6. The King’s General, by Daphne du Maurier (1946)

Back in June, Simon of Stuck in a Book reviewed Daphne du Maurier’s Frenchman’s Creek (and was unduly critical, if you ask me – but his mother put him in his place next day, never fear!) and somehow the discussion veered away from pirates and turned to anti-heroes: male protagonists characterized by unpleasantness or even downright cruelty who yet somehow manage to inspire undying love and devotion in their female counterparts (Heathcliff, we’re pointing a finger at you!). I made a reference to Richard Grenvile, the very Heathcliff-like protagonist of Daphne du Maurier’s The King’s General. Simon immediately vowed he’d never read the book… while I, of course, decided the reverse. I want to see if Richard Grenvile is just as abominable – and just as romantic – as when I first read about him in high school.

© Florence Berlioz 2012

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About Miss Darcy's Library

I love books - buying books, reading books, discussing books, and generally admiring them from all angles (except the e-book). I also love tea, roses, and my dogs, and seldom pass up an opportunity to slip them into the conversation.
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19 Responses to The Still Eye of the Storm

  1. heavenali says:

    Good luck with the new job it sounds very exciting. I work in a school too, (I’m a TA in a primary school) so back to normal on Monday for me -and an end to long days of reading.
    I was also prompted to read Nina Bawden on hearing of her death, later that day I began reading Devil by the Sea – one of adult novels, which I liked a lot.

    • Thank you Ali, and good luck to you too for Monday!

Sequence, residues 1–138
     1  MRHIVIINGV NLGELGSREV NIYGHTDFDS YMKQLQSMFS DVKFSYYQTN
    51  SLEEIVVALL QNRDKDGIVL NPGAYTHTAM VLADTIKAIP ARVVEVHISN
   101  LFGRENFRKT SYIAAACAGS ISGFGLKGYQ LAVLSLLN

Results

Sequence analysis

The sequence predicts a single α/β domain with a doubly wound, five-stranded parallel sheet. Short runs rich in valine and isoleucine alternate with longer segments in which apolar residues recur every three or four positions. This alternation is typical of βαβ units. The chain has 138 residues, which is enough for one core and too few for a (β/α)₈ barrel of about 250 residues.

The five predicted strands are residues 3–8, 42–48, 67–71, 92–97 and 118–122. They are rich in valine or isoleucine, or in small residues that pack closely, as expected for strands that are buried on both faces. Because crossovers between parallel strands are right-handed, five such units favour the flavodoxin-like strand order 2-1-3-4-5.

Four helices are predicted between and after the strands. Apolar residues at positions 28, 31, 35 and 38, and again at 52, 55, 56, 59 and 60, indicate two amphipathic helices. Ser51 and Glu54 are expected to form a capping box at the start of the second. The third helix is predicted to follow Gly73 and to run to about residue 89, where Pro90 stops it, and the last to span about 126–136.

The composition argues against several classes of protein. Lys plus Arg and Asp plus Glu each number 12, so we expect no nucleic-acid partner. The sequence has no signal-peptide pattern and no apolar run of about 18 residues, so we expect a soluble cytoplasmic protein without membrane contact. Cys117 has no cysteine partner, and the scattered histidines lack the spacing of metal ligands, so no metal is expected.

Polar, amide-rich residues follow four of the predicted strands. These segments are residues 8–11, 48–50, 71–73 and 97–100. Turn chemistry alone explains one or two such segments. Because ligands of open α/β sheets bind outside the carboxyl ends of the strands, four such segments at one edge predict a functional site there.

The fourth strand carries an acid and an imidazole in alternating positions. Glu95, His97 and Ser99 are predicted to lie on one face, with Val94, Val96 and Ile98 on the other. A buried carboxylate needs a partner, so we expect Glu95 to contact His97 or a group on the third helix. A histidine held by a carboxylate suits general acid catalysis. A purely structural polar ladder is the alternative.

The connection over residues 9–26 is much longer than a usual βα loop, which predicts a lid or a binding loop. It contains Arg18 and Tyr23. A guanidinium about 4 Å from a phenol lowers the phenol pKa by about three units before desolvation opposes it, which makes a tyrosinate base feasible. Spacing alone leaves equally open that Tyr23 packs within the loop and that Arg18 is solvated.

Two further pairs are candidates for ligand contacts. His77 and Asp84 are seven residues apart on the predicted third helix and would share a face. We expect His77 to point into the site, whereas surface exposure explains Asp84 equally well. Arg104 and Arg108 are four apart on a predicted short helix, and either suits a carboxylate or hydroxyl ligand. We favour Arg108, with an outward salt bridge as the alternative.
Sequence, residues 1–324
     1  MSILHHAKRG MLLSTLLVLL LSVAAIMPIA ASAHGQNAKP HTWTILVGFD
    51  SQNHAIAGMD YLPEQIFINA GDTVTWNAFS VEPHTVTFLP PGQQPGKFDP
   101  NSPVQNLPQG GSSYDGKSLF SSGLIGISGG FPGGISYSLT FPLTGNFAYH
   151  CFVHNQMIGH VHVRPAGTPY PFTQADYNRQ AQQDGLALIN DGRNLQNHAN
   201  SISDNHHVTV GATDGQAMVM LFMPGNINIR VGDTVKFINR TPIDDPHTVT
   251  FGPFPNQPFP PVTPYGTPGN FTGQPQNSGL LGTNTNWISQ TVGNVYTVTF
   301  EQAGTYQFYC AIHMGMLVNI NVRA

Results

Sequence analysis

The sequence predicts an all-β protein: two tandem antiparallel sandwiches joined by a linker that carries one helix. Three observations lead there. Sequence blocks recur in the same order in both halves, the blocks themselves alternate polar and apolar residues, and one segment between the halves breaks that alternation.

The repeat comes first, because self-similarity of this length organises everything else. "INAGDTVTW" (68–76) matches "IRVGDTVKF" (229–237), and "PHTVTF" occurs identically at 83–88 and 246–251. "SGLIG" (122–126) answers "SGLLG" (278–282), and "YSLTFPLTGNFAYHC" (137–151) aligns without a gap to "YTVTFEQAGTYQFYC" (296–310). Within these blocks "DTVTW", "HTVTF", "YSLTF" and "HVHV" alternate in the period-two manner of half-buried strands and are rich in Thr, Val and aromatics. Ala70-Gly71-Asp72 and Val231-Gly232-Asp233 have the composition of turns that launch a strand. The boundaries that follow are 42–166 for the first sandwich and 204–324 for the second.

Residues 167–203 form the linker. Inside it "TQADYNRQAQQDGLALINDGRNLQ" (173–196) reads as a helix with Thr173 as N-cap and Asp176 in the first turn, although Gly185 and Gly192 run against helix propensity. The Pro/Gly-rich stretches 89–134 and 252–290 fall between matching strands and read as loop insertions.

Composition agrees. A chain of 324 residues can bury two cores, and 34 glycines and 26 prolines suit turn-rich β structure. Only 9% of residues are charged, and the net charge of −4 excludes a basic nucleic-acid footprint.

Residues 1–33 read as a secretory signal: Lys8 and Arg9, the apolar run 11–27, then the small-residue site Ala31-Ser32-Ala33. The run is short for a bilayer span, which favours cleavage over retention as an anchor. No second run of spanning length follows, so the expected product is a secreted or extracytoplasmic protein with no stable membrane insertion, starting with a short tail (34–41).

The odd thing is that despite all that wonderful free time, I never get much reading done during the summer holidays – there’s so much else to do and enjoy at home, in the garden, with my family, that I get distracted. It’s when work starts up again that my brain demands something more challenging than Georgette Heyer and that I become capable of finishing two or three books within a week…
      If I like The Witch’s Daughter, I’ll definitely add Devil by the Sea to my TBR list!

  2. kaggsysbookishramblings says:

    Well done on the job front Florence – I’m sure you’ll enjoy it. I read the Colette biography this year, and I was a little nervous about it because I feared a hatchet job – and I adore Colette and won’t hear a word said against her! But I really enjoyed it, and came out feeling I knew her better and went off on a big re-read – so that can’t be bad!

    • I have a big confession to make: I have never read any Colette, apart from a translation of Gigi when I was a teenager (and it didn’t make much of an impression). But the more I read about her, the more I want to know – the mere fact that she wrote so much about gardens and nature appeals to me a great deal. So I’m thrilled to hear you confirm the Thurman biography is so good!

  3. litlove says:

    Belated happy birthday and good luck for the new job. You’ll be fine! I’ll tell you the secret of teaching: let the kids know you are 100% on their side. Even when you are telling them off, you are doing it absolutely for their own good. Children are animals, essentially, they pay no attention to the facade, so it’s about having the right mindset. In fact, that’s easier to do than a lot of other things! Get into your emotionally strong place and go for it. Oh and enjoy the Judith Thurman – one of the best biographies I’ve ever read. That will certainly have you reaching for the Colette afterwards!

    • Thank you so much for the advice, Victoria! Luckily I apparently have the ability to look stern and confident without feeling anything of the sort so I hope I’ll survive!
      Are there any Colette titles you particularly enjoyed and would recommend?

      • litlove says:

        Ummm, let me think. I suppose the well-known ones – Cheri, Le ble en herbe and La naissance du jour. If you get into her, my own particular favourite is Le pur et l’impur. Oh and her short stories are always a treat – Lune de pluie in particular.

  4. gaskella says:

    Good luck with the new job! Back to school for me too tomorrow in the science dept as lab technician. My late Mum was a big Colette fan, and I have all her copies including the Claudine books. I’ve not read them yet though (story of my life …)